Adobe Creative Cloud full review
When you sign up to Creative Cloud, the software delivery subscription service from Adobe, the first thing you’ll download is the App Store-style Application Installer. This is the launch pad for the entire Creative Suite 6 desktop tools that will reside on your Mac (and if required, your PC –as a backup licence is supported). We had Lightroom 4.1 installed, then up and running in double-quick time. In this regard it scores over the traditional install method – it can also install different languages for individual apps - though it would be nice if you could also download while installing.
Interactive HTML5 authoring app Edge (still in beta) and Web design tool Muse gain more of a role within the Creative Cloud, with sites created in the latter hosted by Adobe’s Business Catalyst component. This service, which hosts five sites, is also useful for utilities such as site analytics, adding social media and other non programming-related tasks, so might be ideal for you if you’re not currently paying a third-party for such support. Another substantial service, for Web designers and developers at least, is Typekit, which gives you access to an unlimited library of hosted, high-quality ‘real’ fonts to use on websites. The scriptwriting and production-planning tool Story is also available as a collaborative ‘Plus’ service for video professionals. Adobe needs to add additional services to bring similar added value to the publishing and imaging/design crowd however.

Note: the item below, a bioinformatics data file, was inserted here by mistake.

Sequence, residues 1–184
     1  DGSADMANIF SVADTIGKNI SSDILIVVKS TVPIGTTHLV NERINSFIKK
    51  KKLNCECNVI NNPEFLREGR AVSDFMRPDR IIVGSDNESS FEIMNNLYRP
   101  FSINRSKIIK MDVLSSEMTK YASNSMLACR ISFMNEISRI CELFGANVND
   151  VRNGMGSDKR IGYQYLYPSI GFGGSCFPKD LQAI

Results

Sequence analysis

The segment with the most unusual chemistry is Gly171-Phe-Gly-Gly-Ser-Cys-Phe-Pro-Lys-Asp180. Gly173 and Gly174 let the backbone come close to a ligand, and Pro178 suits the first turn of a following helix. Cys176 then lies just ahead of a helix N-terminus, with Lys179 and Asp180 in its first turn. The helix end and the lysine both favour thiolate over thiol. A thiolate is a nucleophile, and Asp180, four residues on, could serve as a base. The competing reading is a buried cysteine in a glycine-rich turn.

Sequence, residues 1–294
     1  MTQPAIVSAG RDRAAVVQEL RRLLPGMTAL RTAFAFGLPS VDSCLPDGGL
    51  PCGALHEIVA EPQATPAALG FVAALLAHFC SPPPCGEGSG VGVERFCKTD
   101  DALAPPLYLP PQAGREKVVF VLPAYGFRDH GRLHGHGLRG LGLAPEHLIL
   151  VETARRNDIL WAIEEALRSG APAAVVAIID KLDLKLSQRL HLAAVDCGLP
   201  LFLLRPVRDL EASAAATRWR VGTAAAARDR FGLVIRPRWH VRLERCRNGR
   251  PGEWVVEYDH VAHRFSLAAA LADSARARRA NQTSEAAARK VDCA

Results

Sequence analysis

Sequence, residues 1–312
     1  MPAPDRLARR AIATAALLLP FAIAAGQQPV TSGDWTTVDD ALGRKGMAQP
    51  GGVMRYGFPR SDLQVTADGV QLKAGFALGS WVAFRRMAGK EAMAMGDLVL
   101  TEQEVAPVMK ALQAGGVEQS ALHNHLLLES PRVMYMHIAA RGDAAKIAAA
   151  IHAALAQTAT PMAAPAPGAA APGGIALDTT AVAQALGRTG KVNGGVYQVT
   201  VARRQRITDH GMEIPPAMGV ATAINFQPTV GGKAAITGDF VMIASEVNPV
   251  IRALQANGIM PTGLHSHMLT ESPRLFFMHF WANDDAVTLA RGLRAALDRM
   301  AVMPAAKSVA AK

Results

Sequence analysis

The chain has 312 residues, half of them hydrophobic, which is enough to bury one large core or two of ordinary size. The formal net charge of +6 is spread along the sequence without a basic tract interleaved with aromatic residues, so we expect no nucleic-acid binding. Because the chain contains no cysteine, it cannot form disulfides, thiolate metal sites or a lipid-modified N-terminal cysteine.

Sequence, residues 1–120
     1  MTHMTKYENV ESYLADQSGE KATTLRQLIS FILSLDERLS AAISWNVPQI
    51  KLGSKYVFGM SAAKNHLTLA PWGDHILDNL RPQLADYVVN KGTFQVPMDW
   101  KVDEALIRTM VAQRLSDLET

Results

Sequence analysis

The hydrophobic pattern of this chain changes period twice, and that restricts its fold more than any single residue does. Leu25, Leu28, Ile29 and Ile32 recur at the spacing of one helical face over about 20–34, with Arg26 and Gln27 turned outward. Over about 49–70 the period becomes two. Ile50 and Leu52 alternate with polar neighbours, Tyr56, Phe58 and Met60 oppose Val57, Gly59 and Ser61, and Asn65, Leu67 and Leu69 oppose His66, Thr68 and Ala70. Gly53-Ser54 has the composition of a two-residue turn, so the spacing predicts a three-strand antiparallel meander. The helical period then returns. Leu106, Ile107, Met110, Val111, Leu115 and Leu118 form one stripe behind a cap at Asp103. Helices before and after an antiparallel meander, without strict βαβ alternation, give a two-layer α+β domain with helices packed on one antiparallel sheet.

Adobe Touch Apps can directly access the 20 GB storage allocated to Creative Cloud subscribers, but currently you have to purchase them separately. We worked on a file in Photoshop Touch and then Adobe Ideas on a Samsung Galaxy Tab, each time uploading it to our storage. However we had to download the file from a Web browser, before being able to open it in Illustrator. Integration within the CS apps would thus be welcome.
Adobe’s UK subscribers to Creative Cloud pay more than those in the US. Things haven’t suddenly changed in this regard - it’s a long-standing grievance for international customers of most US tech giants. If however you are in the habit of upgrading every time Adobe releases a new version, or are completely new to the Creative Suite product line, it makes financial sense to sign up to the annual plan. If you already have something like the full CS5.x Master Collection, a short-term subscription will do to get access to some essential features that you are lacking for a specific project. Such a plan also suits studios that typically take on some extra freelancers for short-term work, as you can re-subscribe within six months§ without reinstalling the apps. The subscription model also lends itself well for tax purposes, rather than having the capital expenditure of investing in a full software suite.